The hard living conditions under Israeli occupation and the emergence of Palestinian cinema with the start of the Palestinian Liberation Organization’s cinema production has transformed it into a cinema of slogans. And I am not undermining the importance of the PLO’s cinema productions here; those films form an important part of the Palestinian uprising. However, it took us Palestinians a while to realize that films should both challenge the mind and appeal to the senses. Thus, we must stay away from slogans and delve into the details. Cinema is about details. It should reflect the personal side of the story and not the big picture. Viewers relate to personal stories much more than general slogans.

I’m a close friend of the Joubran family (the main characters of the film), I witnessed the difficult birth of their trio and I was very much moved by it. I felt that their story had to be told.

“Improvisation” follows the Joubran trio, the well-known Palestinian musician family. It remarkably follows internal happenings in the family’s life: the development of the younger brother and his relationship with his older brother, the middle brother’s music studies in Italy, the trio’s attempt to give their first concert as a trio in Paris, and ending with the concert itself. How did you develop the film’s narrative? Did you strictly stick to chronology? How many hours did you film, and how long did the montage take?

It took a whole year to shoot the film. I self financed the first six months with the help of my brother and friends who brought equipment and volunteered in filming. We shot about 150 hours and used them later to promote the film and get funding. We signed a pre-sale contract with France’s ARTE TV, got production funding from Finland, Sundance Fund and from an Australian TV channel. Montage took another year.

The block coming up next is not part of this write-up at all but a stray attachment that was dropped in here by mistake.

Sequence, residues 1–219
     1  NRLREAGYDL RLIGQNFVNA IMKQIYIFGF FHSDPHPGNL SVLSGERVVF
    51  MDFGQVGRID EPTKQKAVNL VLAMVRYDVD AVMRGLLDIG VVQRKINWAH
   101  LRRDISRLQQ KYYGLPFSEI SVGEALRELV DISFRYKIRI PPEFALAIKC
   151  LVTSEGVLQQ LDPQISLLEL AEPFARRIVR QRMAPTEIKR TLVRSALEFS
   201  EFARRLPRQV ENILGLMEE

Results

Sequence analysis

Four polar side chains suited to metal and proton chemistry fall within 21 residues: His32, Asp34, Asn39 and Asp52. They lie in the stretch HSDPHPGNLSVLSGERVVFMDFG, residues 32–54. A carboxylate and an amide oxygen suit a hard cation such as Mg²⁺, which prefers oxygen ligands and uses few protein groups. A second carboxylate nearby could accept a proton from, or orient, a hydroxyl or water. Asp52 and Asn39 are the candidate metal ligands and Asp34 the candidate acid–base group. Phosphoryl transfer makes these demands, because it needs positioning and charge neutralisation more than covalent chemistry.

I more or less followed the chronological order of events because I reflected the development of an 18-year-old young man’s character. Not doing so might get the viewers lost. I used the “fly on the wall” effect, leaving the camera as a neutral, patient observer that films reality as it is. The trio’s first music rehearsal and their first appearance on stage were really the first ones. However, I recreated reality by putting the brothers in certain circumstances that pushed them to talk about the things I wanted them to talk about.

My close friendship with the family also helped me to shoot the details of each scene with great intimacy and spontaneity. If I were a stranger to them, that would have been impossible. It was this intimacy that made the audience empathize with the Joubran family. Your relationship with the characters is what affects you the most in a film.

Your new film “Fix me” was screened at Dubai International Film Fest and Sundance. Could you tell us more about the film?

I believe that important films are the ones that look for new things. That’s why I tried to undertake an experiment by making a film based on a simple but at the same time deep idea that no one thought of before. I exposed myself to a complex psychological experience by attending psychotherapy sessions. I asked the cameraman to fix his camera behind reflective glass so that it wouldn’t spoil the spontaneity of the sessions.

This film is a complex one and very different from “Improvisation”. It raises general questions about life and sensitive issues that, unable to face them, people usually ignore. Its style also differs from my first film in that it combines elements of fiction and documentary films.

Are you planning to work again as a producer or will you continue with film?

I am ready to work in any field that excites me, so everything is possible. Maybe I moved away a little from production, but I’m still working in that field through my cooperation with my brother’s Film Production House in Ramallah. I’ve also established with my wife, French producer Palmer Badinier, a “Les Films de Zayna” production company which produces films from the Arab world.

This article was published in Tafaseel periodical e-magazine specialized in documentary films. Tafaseel is a publication of Proaction Film company.